However, the issue is not a curb cut, the issue is conditional zoning and setting a precedent.  Allow the curb cut and establish policy that conditional zoning means nothing, then watch High Street come in and request 3000 apartments and 3000 "condos".  Just so you know, the High Street project by the mall is crawling out of the cobwebs and coming back to life.  Conditional Plans for that site call for 1,500 apartments and 1,500 condos.  But according to some at city hall Conditional zoning/plans are irrelevant.  They mean nothing. These things can be changed with no penalty (actually they can't anywhere else in Georgia, but at least two Dunwoody staffers think can).  So why play the give/take game of zoning and conditions and site plans if your city staff is going to allow changes to agreements?

In summary, by allowing a curb cut for a developer on Ashford Dunwoody Road mayor and council may open the door for High Street and others to modify (at will) agreed upon plans.  Will a curb cut lead to another 1,000 or 2,000 apartments?

The developer wants to build on this site.  They are not walking away because of a curb cut.




DHA Meeting Curb Cuts and Hotels

Brookhaven is getting a new full-service Hyatt hotel, just inside '285'.  Sandy Springs is getting a new fancy hotel or two as well.  What about Dunwoody?  Well, a developer wants to put in a Hampton Inn and some other retail along Ashford Dunwoody Road (across from California Pizza Kitchen, aka CPK).

This project is a good sign and one I hope gets built.  No issues with the project, except they want a curb cut onto Ashford Dunwoody Road.  For those of you not in the know on infrastructure and street-scape lingo, a curb cut is a way for people to turn in and out of a lot onto a street.  It is where there is no curb.  You know Publix across from Mellow Mushroom?  It has a curb cut - a bad one.  People can enter and leave Publix onto Chamblee Dunwoody Rd (aka Main Street) to the left or right.  That particular curb cut should be right in and right out only.  That one change would do a lot to improve traffic in the area.  If you want to go north toward GA 400 from Publix you should be forced to go to the traffic signal by the new Chase Bank.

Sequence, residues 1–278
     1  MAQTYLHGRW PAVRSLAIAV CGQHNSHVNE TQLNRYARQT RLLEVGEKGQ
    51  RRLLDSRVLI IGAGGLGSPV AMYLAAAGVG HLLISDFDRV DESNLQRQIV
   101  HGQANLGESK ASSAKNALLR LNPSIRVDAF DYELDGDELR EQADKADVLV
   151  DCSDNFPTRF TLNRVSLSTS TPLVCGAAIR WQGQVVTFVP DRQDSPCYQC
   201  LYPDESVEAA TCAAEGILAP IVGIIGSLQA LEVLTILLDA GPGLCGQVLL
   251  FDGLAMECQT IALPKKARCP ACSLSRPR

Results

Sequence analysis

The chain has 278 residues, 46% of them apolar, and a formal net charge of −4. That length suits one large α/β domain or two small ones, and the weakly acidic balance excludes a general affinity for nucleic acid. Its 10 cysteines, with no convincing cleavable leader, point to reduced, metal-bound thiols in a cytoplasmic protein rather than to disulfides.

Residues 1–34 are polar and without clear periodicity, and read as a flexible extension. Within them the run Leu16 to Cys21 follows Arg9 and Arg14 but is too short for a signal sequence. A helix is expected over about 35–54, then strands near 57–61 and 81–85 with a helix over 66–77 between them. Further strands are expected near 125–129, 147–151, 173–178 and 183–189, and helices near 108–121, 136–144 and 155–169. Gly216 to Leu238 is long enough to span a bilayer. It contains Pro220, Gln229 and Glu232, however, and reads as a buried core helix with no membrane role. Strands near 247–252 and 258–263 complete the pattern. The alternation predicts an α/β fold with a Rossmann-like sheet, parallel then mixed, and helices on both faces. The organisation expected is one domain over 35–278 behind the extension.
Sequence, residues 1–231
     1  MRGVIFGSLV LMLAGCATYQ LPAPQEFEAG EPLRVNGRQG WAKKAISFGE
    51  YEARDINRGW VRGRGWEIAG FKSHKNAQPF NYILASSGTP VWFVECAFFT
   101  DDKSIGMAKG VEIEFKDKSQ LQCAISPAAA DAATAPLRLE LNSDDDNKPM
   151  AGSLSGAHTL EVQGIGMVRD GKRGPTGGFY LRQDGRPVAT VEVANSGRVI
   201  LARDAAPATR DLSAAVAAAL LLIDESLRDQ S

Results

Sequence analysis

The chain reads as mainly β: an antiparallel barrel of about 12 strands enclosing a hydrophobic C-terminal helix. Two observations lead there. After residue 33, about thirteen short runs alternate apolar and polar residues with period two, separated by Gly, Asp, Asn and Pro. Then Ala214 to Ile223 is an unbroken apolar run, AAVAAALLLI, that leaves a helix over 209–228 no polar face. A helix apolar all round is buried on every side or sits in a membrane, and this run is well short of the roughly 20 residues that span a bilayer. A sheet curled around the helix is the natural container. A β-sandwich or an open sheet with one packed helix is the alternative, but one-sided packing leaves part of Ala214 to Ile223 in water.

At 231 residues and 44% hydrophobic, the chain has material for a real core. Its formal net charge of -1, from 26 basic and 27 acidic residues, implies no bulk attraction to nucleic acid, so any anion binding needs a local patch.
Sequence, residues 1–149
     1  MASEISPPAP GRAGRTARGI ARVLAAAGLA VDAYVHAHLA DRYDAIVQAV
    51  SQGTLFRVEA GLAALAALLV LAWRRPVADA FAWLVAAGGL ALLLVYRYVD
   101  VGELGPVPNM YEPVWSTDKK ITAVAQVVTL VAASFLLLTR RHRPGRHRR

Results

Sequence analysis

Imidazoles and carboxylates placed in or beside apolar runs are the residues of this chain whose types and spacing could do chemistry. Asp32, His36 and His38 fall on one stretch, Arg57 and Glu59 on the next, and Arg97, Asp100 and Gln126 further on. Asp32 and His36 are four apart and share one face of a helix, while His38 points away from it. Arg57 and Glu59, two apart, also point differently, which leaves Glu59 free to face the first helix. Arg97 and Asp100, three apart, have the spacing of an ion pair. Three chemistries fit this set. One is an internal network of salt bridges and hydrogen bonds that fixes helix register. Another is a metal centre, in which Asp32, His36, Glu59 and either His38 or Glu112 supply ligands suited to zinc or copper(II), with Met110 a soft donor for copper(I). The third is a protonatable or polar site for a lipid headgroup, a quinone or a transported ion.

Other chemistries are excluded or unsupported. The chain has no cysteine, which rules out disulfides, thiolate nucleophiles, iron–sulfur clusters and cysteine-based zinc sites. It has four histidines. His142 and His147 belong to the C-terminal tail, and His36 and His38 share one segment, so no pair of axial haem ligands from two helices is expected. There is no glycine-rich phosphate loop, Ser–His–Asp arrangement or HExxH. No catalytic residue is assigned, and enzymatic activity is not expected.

Curb cuts can slow traffic and increase accidents with pedestrians and bikers.  But curb cuts do allow easier/quicker access to a business.  Too many curb cuts (Chamblee Dunwoody Road and Ashford Dunwoody Rd) and you have increased traffic issues. New street projects limit curb cuts.

So back to the new hotel planned for Ashford Dunwoody Road.  This property used to have a curb cut guaranteed to it based on a land swap back in the 1980's.  Then in 2008 the property owner wanted some zoning changes made to the property.  In exchange for these zoning changes they gave up the curb cut.  The site plan on file today allows for a hotel and retail, but not the curb cut. But the developer says the hotel folks insist on the curb cut.  The develop also said the curb cut is a make or break part of the development deal.  I say the city calls their bluff.  A curb cut is NOT a make or break item for a property like a hotel.

How many readers out there book hotels?  How do you book your hotel?  First you seek a location.  Okay, Dunwoody is your location.  You have business in the area (or all the downtown hotels are booked and you need a room for the Final Four or SEC Championship game).  You've decided on Dunwoody.  Next you think about brand loyalty. Are you a Marriott Rewards member? Or Perhaps a PriorityRewards member via IHG.  Or maybe you look at Trip Advisor or Expedia (sorry CVB, most people do not search the CVB for hotels, unless you are linked to an event web site).  Then you check pricing, amenities, and availability.

Amenities?  What do people look for in a hotel?  Free breakfast, free Internet, parking rates, swimming pool, bar, restaurant.......  How about curb cut?  Nope.  People don't look for a curb cut.  If a Hampton Inn opens in Dunwoody it will sell rooms based on location, brand name, price, and reputation.  Have you ever read a review on Trip Advisor stating, "The hotel was excellent, just as we hoped.  Our entire party had a great time.  The rooms were quiet and clean, water pressure was excellent, and the free breakfast was awesome. I'd give this hotel 5 stars except it does not have a curb cut onto Main Street.  4 out of 5 stars  :)  "

King John took some video of the Sunday's DHA meeting.  Be sure to with the part with Farmer Bob. He even gets a comment in about the Community Council.  And SaveDunwoody, why are you not protesting this curb cut?


a screenshot from Kayak (the curb cut amenity is not really there, just so you know)